MC Foundation Donor's Story
Growing up in a poor but very close-knit family, Dr. Mamie Howard-Golladay embraced values that are indelibly a part of her personal and professional success.
As a child in the segregated South’s Jim Crow era, Dr. Howard-Golladay was faced with the reality that opportunities for blacks to progress in professional careers were slim. This fact did not deter her from excelling in school, and beginning her career as a nurse’s aide, making only one dollar per hour and eventually becoming president of Sullivan County Community College in Loch Sheldrake, New York.
Dr. Howard-Golladay’s climb to top academic positions began with hard work and determination. During her quest to complete nursing school, she worked on weekends and commuted to her classes, which were 60 miles away from her home. The long hours, coupled with having to leave her small child, were almost unbearable. Nevertheless, she endured and graduated at the top of her class, where she was the only African American student.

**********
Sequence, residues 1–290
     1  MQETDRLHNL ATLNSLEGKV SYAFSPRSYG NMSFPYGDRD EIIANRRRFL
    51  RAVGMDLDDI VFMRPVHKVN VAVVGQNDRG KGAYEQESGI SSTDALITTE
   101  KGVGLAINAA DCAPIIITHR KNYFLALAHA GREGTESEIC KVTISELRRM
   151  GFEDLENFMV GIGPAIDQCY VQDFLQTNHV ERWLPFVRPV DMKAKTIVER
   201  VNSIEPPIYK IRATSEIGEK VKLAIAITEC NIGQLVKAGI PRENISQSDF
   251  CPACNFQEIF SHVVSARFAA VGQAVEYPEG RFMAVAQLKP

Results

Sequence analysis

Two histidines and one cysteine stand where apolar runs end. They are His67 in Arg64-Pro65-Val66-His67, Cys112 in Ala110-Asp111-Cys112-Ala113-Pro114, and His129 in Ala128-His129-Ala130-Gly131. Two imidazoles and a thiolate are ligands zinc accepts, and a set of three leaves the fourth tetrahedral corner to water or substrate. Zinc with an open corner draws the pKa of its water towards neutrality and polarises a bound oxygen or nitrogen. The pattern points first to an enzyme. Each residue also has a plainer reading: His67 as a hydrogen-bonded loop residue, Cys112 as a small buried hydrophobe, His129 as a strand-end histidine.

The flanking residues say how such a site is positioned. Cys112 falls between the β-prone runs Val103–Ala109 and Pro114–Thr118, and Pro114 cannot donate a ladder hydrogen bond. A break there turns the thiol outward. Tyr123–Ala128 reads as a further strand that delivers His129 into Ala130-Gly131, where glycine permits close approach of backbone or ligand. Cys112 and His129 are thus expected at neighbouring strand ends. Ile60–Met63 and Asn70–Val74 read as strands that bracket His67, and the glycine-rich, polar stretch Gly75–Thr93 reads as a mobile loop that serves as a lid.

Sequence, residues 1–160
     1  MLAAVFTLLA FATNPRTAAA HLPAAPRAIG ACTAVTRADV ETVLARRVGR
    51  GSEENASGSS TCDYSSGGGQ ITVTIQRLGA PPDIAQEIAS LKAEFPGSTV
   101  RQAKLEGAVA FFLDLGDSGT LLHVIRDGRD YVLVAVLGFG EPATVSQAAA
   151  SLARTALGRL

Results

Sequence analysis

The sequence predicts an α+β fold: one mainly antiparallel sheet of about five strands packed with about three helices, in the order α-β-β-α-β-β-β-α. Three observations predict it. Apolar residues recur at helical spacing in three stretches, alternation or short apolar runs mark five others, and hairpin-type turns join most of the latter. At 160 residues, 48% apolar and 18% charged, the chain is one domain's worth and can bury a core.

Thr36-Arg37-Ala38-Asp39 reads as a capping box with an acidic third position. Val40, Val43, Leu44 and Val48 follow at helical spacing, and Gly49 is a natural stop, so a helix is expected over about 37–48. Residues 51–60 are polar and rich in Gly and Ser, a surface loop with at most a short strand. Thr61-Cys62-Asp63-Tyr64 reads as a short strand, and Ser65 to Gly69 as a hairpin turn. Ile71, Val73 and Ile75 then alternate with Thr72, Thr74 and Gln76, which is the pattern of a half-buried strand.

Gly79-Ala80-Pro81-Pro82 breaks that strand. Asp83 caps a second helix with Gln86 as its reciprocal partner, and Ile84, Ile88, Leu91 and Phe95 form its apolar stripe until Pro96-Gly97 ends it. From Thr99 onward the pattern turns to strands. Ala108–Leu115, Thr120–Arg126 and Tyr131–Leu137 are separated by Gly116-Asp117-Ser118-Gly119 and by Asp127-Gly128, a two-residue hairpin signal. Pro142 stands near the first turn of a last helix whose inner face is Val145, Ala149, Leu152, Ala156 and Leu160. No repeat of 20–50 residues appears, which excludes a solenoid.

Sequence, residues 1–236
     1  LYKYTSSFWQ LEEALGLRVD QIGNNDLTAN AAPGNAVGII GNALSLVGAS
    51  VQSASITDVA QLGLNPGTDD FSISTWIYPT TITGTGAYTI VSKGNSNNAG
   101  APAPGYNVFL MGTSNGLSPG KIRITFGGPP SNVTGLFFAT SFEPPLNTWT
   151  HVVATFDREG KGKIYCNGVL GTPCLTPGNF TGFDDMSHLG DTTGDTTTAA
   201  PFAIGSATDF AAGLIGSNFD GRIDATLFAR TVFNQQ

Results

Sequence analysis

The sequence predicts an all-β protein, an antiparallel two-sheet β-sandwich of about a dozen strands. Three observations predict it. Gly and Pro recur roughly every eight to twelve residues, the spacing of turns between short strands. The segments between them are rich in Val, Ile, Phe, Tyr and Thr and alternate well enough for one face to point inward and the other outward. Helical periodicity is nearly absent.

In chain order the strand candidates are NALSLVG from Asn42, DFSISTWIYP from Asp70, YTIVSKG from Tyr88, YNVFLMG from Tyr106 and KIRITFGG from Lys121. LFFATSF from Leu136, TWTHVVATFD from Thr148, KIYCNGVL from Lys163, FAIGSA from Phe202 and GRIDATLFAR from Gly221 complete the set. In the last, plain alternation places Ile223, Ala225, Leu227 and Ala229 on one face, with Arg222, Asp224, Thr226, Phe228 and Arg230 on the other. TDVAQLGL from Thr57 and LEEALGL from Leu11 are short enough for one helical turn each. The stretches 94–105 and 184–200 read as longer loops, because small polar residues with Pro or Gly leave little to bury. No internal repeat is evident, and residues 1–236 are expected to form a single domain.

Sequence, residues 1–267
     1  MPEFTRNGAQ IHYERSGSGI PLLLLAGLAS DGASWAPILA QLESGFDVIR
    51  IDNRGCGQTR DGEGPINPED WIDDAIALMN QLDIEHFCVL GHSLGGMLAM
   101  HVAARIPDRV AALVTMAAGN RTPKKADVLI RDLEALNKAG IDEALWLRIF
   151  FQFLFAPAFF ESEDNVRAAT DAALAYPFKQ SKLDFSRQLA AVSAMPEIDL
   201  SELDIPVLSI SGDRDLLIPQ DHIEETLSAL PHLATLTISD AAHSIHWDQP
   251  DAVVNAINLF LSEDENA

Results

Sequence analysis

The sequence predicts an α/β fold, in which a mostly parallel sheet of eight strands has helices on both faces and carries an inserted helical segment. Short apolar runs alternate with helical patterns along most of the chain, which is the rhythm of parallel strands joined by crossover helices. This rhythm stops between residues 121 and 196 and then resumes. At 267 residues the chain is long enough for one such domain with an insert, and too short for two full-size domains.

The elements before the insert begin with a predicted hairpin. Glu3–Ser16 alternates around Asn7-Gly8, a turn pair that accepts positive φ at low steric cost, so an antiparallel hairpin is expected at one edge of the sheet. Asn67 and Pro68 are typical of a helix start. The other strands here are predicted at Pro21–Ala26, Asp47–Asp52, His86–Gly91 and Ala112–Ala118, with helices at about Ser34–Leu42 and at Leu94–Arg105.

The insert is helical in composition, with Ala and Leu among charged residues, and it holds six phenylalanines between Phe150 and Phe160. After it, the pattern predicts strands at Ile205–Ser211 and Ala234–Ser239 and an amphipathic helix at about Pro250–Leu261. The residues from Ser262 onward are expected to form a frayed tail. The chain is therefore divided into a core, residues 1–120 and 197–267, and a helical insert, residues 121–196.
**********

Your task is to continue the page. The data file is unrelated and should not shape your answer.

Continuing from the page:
Dr. Howard-Golladay’s educational experience was similar to many of our Montgomery College students, who work full-time, take care of families, all while pursuing their education. Her educational degrees led to a career in nursing and teaching at Alabama’s Jefferson Davis Community College; Florida’s Pensacola Junior College; and at Michigan’s Mott Community College.
Now retired, Dr. Howard-Golladay cites her tenure at Montgomery College as professor and dean as a uniquely rewarding time in her career.
“As a former Montgomery College administrator, I recall my interactions with the students as always enlightening. I decided to leave a legacy through my individual retirement plan so that Montgomery College students will have the same opportunities that I had—to get the best education possible, fulfill lifelong dreams, and help others thrive.”
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